In countries like India, women have made a distinct contribution to India’s United Nations peacekeeping program, which is one of the concrete programs contained in UNSCR 1325, but New Delhi still has no national action plan.

According to the official press release, the new approach will place gender at the center of Mexico’s international engagement. This approach, in line with Mexican government policy, will seek to “reduce and eliminate structural differences, gender gaps and inequalities”. This further translates into Mexico pursuing five key principles, “a foreign policy with a gender perspective and a feminist agenda abroad; a Ministry of Foreign Affairs with gender parity; a foreign ministry free of violence and safe for all; visible equality of women in the Ministry of Foreign Affairs; and feminism in all areas of the Ministry of Foreign Affairs. These clear political articulations can be expected to be more sensitive while addressing a number of issues, including the peace and security agenda.

But the problem is, we’re still talking about a handful of countries. Sweden was the first country to come up with a feminist foreign policy approach, which it says will be built around three Rs: rights, representation and resources. Explaining the three Rs, Margot Wallström, former Swedish foreign minister, stressed the importance for women “to have the same legal and human rights in every country”. Equally important is to check what kind of representation women have “where the important decisions are made”. Finally on the question of resources, the former minister asked if the country has “a gender budgeting” and if the “needs of girls and women” are met.

Sweden has been one of the few voices to seek greater representation of women in every multilateral platform. It is important to stress the inclusion of women’s issues in discussions at national and international levels and to ensure that women are duly represented in all decision-making bodies. Sweden has also advocated, on several occasions, to include sexual violence as a major problem. As Sweden has argued, mainstreaming women’s issues into the multilateral agenda will not happen alone, but must be constantly encouraged. These have not yet become normal practice and therefore having women in these multilateral and national platforms and seeking discussions on issues that affect half of the population are still very important in shaping an inclusive agenda for the future.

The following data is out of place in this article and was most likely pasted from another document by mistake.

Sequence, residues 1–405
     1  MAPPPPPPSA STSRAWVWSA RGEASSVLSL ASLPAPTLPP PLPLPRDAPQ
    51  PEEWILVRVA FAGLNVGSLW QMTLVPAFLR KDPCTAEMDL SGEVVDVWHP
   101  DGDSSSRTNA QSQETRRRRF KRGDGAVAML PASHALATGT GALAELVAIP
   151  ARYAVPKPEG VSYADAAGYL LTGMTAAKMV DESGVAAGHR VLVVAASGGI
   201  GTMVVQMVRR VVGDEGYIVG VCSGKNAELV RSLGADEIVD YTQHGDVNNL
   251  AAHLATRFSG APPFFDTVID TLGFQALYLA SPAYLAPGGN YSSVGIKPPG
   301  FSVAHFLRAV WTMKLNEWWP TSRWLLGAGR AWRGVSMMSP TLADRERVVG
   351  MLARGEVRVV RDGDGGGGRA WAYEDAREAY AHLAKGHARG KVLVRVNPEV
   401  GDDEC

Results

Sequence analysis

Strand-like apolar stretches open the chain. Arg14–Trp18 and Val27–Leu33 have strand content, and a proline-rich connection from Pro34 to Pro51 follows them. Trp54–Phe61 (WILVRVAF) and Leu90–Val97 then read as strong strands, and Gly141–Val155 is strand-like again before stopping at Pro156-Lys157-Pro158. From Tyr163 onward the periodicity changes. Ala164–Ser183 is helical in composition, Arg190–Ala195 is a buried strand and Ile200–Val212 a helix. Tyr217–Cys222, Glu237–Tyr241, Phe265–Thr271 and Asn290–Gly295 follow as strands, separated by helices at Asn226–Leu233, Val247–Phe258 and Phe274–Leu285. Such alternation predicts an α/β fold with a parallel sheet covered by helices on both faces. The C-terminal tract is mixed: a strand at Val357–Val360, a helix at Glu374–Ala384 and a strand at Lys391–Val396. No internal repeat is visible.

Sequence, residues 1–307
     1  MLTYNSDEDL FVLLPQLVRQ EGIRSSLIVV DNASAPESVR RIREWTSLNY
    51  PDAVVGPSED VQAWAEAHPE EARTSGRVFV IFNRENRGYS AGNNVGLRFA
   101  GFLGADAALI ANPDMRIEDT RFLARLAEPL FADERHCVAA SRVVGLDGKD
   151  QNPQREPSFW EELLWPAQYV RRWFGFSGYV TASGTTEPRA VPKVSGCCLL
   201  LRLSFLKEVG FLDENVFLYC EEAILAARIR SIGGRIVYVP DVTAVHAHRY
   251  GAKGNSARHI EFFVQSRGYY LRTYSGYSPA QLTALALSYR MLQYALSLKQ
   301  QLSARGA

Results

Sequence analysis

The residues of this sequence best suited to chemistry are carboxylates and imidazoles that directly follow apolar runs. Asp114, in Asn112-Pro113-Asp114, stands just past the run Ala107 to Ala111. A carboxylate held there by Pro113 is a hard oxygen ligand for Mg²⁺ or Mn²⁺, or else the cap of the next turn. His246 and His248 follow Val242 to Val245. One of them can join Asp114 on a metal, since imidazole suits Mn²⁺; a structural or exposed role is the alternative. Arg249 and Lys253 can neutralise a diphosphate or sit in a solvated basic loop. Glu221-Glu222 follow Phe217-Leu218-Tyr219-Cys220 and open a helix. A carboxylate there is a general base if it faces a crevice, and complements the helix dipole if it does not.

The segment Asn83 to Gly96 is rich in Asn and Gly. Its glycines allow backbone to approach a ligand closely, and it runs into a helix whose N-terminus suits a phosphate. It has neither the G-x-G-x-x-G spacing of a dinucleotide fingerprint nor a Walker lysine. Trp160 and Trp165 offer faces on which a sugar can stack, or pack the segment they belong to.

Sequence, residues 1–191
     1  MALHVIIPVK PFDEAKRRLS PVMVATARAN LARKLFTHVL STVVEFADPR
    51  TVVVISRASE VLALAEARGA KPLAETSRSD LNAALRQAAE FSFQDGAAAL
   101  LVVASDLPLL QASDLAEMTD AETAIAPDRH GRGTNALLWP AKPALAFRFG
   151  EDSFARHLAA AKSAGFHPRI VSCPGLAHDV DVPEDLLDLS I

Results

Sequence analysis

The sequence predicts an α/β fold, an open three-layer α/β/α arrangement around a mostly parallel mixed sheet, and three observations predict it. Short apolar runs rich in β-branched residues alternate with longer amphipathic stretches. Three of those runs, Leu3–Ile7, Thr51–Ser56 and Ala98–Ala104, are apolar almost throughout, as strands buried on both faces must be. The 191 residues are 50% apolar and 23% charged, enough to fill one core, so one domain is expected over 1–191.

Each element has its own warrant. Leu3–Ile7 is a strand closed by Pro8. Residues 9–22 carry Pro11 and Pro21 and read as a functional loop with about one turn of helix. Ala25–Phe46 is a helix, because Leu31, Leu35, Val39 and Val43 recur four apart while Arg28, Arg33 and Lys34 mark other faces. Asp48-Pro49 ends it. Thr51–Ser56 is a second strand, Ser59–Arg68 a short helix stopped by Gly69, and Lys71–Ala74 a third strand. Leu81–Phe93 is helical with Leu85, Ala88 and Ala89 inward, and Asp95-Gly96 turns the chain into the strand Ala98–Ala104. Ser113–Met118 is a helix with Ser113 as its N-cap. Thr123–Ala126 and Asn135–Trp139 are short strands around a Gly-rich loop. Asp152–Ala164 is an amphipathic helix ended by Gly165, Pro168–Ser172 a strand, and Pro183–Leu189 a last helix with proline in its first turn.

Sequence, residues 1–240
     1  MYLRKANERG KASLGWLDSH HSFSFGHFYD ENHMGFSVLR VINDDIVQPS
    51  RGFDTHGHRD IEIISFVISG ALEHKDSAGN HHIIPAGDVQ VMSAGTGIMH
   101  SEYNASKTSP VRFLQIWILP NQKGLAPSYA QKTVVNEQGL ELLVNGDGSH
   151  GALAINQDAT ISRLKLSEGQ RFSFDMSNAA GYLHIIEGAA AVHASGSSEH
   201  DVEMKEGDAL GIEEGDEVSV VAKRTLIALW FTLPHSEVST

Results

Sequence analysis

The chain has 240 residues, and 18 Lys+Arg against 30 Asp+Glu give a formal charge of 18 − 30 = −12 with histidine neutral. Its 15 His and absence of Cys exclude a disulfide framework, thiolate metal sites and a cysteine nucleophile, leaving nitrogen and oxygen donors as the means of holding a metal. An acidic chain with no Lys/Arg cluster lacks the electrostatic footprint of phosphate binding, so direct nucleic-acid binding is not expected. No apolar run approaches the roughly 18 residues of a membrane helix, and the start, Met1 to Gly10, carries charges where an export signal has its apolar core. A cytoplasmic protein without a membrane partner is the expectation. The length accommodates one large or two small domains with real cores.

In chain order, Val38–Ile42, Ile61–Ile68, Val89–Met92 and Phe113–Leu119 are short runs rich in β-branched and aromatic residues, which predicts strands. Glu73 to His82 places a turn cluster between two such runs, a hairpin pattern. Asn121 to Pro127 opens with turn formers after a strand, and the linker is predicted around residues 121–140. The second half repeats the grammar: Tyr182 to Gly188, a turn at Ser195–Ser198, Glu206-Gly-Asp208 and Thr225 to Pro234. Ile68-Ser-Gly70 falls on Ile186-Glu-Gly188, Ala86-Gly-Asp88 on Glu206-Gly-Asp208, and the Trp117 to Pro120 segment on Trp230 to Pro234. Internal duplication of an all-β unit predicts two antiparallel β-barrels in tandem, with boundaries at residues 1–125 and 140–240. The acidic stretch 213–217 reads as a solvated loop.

The other two countries that have adopted a feminist foreign policy approach are Canada and France. Canada presented its New Policy Approach in 2017. Outlining the New Approach, Canadian Foreign Minister Chrystia Freeland said Canada’s approach “is aimed at gender equality and the empowerment of women and girls. … [thus] position Canada at the forefront of this global effort. It is a matter of fundamental justice and also of basic economics. In a bid to pursue feminist diplomacy, France announced in 2019 that gender equality will remain a priority for France.